I’m pressing on with sharing our homeschool goals this year, and next on the list is 5th grade!
As I said in the 7th grade post, I make a list of goals for each of my children at the beginning of each school year. As a person who leans towards planning for too many subjects, this list of goals helps me pull myself back on track.
I look at the list almost weekly, and if I want to add something, it has to pass this test:
Does the new task help attain the goals, or is it a hindrance?
In fact, this year I printed my goal lists and placed them behind each child’s tab in my Mama Folder. It’s in front of my face as I plan for the coming week, surely to be noticed!
Today I am sharing our homeschool goals for our 10 year old girl, a 5th grader for the 2019-2020 school year.
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5th Grade Homeschool Goals
My 10 year old girl is at the upper elementary level of school work. Praise the Lord we made it through 4th grade, where it seems all of my children tend to lose their minds for a year.
My 5th grader struggles quite a bit with distraction during our school day, and I’m researching and implementing even more strategies to help her with this. These goals are to help her with that particular issue, while pressing on with our academics.
Have suggestions for kiddos that struggle with distraction? I’d love to hear them in the comments!
For my 10 year old 5th grade girl, we are working on the following areas:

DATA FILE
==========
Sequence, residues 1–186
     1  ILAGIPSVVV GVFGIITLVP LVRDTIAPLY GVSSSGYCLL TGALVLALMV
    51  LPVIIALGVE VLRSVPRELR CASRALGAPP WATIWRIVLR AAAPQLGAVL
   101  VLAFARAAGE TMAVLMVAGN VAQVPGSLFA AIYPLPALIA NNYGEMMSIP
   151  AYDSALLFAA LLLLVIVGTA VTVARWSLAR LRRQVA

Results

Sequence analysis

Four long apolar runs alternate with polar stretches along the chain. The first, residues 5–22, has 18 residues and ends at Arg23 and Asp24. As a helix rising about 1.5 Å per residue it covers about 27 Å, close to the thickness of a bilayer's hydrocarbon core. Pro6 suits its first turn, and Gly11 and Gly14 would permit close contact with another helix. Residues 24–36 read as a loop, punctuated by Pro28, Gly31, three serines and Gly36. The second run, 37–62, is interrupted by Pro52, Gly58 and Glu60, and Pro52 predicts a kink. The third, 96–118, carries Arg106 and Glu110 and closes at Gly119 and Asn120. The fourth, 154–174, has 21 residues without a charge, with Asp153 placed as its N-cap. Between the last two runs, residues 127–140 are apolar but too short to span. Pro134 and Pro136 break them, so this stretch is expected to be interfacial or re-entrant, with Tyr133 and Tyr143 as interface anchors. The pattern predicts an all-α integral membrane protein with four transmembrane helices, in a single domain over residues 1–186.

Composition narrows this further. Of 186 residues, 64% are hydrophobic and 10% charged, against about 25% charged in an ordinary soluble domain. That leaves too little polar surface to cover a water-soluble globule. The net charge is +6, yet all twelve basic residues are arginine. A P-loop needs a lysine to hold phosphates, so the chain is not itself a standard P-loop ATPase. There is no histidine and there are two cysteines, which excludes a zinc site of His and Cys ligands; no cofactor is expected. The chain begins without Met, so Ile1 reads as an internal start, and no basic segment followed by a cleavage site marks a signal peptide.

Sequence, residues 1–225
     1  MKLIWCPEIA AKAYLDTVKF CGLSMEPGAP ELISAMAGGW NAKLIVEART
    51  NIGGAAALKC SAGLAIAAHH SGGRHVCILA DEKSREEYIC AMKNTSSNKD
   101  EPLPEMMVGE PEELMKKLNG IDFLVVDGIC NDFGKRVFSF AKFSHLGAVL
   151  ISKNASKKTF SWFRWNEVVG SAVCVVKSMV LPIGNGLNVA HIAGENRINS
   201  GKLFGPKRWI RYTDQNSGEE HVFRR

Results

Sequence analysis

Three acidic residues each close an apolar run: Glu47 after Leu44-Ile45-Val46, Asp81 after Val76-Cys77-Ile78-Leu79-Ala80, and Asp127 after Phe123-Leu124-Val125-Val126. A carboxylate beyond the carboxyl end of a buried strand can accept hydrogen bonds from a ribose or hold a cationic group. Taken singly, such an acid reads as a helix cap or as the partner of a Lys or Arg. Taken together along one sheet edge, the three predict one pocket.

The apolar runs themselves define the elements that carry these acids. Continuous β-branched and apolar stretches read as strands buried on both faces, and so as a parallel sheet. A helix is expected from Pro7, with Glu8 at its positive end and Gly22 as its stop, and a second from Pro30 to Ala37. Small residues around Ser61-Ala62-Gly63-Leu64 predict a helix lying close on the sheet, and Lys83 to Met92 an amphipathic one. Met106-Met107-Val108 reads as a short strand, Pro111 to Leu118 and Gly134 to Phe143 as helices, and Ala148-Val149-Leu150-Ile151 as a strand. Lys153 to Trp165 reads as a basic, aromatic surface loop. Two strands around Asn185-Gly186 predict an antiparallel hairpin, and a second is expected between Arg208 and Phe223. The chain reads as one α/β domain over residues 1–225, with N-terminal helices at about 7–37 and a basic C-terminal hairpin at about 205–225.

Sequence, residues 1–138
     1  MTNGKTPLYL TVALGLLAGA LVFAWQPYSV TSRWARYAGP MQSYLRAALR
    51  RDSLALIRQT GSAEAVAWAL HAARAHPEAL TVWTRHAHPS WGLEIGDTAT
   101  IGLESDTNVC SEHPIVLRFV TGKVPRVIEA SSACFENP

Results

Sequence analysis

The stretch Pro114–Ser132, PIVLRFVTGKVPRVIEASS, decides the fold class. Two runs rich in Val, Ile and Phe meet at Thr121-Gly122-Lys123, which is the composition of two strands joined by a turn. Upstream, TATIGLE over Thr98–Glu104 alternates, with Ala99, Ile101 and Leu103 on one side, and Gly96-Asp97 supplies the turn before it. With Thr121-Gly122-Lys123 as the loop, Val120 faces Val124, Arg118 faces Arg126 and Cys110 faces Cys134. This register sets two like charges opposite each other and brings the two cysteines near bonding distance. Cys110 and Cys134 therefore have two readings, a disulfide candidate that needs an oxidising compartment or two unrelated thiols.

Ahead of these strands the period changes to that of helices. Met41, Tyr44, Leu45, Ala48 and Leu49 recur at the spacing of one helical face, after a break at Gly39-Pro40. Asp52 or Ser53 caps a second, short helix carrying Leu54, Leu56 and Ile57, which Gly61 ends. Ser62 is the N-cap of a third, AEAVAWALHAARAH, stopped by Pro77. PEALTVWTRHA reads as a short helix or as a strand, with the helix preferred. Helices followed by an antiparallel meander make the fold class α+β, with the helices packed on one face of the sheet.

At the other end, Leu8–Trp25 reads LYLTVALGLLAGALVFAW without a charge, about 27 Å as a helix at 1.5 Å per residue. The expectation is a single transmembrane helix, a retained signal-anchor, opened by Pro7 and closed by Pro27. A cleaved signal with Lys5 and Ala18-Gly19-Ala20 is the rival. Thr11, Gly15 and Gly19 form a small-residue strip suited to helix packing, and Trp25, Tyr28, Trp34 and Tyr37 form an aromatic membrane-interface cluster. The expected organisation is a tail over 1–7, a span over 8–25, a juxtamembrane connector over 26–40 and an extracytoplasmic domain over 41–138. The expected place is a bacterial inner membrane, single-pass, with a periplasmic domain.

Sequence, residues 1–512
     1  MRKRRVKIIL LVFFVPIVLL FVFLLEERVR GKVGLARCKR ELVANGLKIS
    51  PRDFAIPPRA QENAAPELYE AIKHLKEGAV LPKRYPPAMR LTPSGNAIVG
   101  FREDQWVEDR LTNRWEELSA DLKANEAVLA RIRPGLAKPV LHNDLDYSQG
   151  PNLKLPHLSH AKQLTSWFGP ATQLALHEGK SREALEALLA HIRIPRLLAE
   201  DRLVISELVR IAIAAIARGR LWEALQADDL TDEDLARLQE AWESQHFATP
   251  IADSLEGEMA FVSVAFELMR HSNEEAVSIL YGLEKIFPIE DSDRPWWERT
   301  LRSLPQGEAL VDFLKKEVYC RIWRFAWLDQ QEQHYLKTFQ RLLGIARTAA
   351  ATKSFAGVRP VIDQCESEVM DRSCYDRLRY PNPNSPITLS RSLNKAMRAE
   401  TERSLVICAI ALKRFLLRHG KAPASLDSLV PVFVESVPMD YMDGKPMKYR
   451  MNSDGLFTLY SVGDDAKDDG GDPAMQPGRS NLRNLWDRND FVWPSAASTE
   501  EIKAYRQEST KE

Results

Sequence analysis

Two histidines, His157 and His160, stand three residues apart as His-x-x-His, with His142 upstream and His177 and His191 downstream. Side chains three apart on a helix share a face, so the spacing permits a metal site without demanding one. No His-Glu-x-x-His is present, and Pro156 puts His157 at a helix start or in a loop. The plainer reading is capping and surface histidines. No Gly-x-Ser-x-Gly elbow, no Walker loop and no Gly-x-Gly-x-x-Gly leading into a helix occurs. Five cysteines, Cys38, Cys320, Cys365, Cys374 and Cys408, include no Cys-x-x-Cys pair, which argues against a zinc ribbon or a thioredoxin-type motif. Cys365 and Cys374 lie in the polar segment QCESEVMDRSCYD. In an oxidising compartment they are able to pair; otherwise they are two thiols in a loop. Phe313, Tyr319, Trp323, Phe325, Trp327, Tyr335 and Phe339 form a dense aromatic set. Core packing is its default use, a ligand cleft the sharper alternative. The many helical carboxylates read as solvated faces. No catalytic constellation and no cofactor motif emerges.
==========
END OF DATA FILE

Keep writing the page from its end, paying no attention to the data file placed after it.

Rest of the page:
Do Your Best Work
In this 5th grade year, our biggest focus is on learning to consistently do your best work.
My 5th grader needs a lot of reminding that we should do our best work at all times, not just when we feel like it. While I do my best to model this for her each day, she also needs quite a bit of verbal direction. 😉
If we can work on this one skill and mindset, the other things will fall into place.
Plan of action: I will be careful to not accept work that is only half completed, or was clearly hurried through just so she can be finished with the assignment.
I will be more consistent in only allowing “fun” things (a screen, a privilege of some sort) to be granted after school work is done to the best of her ability. It will have to be earned.
I tell my children often that I never expect perfection, but I always expect their best effort.
Math is a large focus this year, and it will be completed every day, no exceptions. Last year, we occasionally did math 4 days a week, as our focus was on literature, Latin, and English.
This year, math is on the goal list as a Must Do Every Day.
In addition to consistent math 5 days a week, my 5th grader will work on instant recall of math facts.
Plan of action: Daily flash cards alternating the 4 operations, with a heavy focus on multiplication and division. She will also be able to answer 100 math facts of a single operation in 4 minutes, and 100 mixed math facts in 5 minutes by our Christmas break.
I created a chart for the year that plans a mix of flash cards and written timed quizzes. She will also utilize the Speed Drills in Rod & Staff Math Grade 5, as well as the Oral Drills in the Teacher’s Manual each day.
Math will be scheduled each day we have school.
She will work through First Form Latin during 5th grade, and it steps up the Latin Game with memorization and recitation.